If Mom Is Not Breathing, Neither Is Baby
A common breathing problem is also one of the most serious chronic medical conditions complicating pregnancy. According to recent research and despite specific guidelines and recommendations advocating for aggressive asthma management, healthcare providers treat asthma attacks in pregnant women differently than in non-pregnant women.
Researchers at The Ohio State University Medical Center sought to determine if pregnant women who come to the emergency department with acute asthma symptoms receive the same anti-inflammatory medicines and steroids to treat flare-ups as nonpregnant women.
“We found that pregnant asthmatics were less likely to receive steroids while in the emergency department or were not discharged with a prescription for steroids if they presented with a mild or moderate exacerbation,” says Dr. Jennifer McCallister, an asthma expert at Ohio State’s Medical Center. “This potentially increases the risk of complications to the mother and her unborn child.
Women who were not treated appropriately during their first trip to the emergency department were nearly four times as likely to return with persistent asthma symptoms within two weeks.
“Some physicians are reluctant to give pregnant asthmatic patients steroids out of fear of the impact it may have on the unborn child. However, those same women who were not treated appropriately during their first trip were nearly four times as likely to return to the emergency department with persistent asthma symptoms within two weeks,” adds Dr. McCallister.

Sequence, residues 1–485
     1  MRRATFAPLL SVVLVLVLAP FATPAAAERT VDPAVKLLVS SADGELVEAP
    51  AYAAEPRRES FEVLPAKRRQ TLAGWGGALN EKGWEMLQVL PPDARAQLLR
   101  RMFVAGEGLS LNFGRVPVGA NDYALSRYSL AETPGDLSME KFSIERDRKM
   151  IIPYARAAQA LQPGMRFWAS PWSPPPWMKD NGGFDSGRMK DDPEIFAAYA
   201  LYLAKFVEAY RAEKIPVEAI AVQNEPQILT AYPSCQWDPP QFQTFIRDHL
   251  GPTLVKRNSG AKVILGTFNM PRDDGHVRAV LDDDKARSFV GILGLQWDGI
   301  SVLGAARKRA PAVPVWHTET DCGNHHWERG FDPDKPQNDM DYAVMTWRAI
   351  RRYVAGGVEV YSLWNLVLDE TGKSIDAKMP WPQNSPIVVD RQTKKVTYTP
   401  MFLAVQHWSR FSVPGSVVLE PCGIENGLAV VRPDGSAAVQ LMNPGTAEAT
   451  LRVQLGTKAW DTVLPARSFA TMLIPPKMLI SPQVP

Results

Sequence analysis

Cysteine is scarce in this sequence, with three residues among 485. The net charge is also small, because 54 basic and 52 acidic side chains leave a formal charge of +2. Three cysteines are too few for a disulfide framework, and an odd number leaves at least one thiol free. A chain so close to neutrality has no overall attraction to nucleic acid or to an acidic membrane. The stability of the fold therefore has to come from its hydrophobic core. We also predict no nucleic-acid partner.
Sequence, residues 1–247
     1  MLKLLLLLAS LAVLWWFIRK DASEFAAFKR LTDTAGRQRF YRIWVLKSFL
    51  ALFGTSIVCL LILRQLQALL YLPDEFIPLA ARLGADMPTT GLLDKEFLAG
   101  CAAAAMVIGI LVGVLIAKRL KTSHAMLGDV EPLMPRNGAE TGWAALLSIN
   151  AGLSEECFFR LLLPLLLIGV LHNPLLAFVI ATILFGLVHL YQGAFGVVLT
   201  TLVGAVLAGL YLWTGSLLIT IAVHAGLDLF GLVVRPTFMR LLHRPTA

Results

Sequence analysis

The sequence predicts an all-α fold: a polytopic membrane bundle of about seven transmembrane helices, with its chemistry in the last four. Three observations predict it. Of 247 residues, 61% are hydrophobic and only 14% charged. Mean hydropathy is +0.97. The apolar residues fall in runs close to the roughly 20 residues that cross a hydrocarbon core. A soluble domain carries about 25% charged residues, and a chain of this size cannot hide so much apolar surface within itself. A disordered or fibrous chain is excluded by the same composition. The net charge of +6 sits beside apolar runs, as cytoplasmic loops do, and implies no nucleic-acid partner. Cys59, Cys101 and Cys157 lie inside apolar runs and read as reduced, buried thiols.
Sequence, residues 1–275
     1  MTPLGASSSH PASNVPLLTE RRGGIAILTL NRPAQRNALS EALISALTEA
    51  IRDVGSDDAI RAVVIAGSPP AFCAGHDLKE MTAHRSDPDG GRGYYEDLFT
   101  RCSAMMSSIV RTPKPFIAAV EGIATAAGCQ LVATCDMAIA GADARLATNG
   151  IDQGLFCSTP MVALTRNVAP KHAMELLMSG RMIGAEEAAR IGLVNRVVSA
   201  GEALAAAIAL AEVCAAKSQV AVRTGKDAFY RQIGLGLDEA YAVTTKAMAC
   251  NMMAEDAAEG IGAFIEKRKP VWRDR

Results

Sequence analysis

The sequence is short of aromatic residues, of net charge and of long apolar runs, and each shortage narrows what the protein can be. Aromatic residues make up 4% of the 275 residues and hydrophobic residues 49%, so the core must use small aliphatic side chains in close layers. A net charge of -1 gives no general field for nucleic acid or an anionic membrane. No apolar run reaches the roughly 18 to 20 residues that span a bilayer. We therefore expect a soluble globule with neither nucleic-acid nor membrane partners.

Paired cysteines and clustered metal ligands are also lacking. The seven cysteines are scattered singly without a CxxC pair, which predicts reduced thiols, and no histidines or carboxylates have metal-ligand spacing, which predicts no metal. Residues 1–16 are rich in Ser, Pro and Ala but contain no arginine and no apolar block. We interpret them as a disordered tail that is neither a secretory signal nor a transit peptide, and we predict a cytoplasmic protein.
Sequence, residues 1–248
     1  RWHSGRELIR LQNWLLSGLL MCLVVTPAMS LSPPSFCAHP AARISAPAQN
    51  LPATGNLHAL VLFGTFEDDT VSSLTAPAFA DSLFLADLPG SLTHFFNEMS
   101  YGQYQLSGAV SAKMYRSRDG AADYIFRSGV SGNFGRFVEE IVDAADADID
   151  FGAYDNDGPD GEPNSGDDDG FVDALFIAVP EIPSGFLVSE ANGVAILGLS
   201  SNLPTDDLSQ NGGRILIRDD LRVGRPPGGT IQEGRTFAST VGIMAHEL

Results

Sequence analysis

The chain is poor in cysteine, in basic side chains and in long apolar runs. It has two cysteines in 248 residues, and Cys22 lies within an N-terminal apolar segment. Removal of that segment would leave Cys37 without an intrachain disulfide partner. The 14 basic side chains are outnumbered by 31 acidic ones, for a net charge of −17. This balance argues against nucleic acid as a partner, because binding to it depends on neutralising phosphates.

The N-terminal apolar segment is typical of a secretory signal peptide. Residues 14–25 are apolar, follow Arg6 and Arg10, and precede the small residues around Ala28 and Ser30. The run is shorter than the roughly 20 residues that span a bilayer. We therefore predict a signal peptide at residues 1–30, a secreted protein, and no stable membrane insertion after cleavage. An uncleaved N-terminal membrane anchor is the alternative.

Adverse pregnancy outcomes can be attributed to poor asthma control, and severe maternal asthma has been linked to an increased risk of infant death, preeclampsia, premature birth, and low birth weight.
“Controlling asthma during pregnancy is far safer for the pregnant patient and her unborn child, than not doing so,” says Dr. McCallister.
For the study, researchers analyzed the medical records of 123 pregnant women and 123 non-pregnant women who were treated for asthma in the emergency department. Only 50.8 percent of pregnant women received steroids, compared to 72.4 percent of non-pregnant women. Similarly, 69.2 percent of non-pregnant women received a prescription for steroids upon discharge, yet only 41.3 percent of pregnant women were discharged with a steroid prescription.
In addition, the level of severity for asthma attacks influenced therapy. Pregnant women with mild or moderate symptoms were less likely to be prescribed steroids at discharge from the emergency department, compared to non-pregnant women.
“It is extremely important to the improvement of pregnancy outcomes that there is well-controlled, on-going asthma management and [that] treatments of exacerbations are aggressive during pregnancy,” Dr. McCallister adds.
This article was originally published in Coping® with Allergies & Asthma magazine, July/August 2010.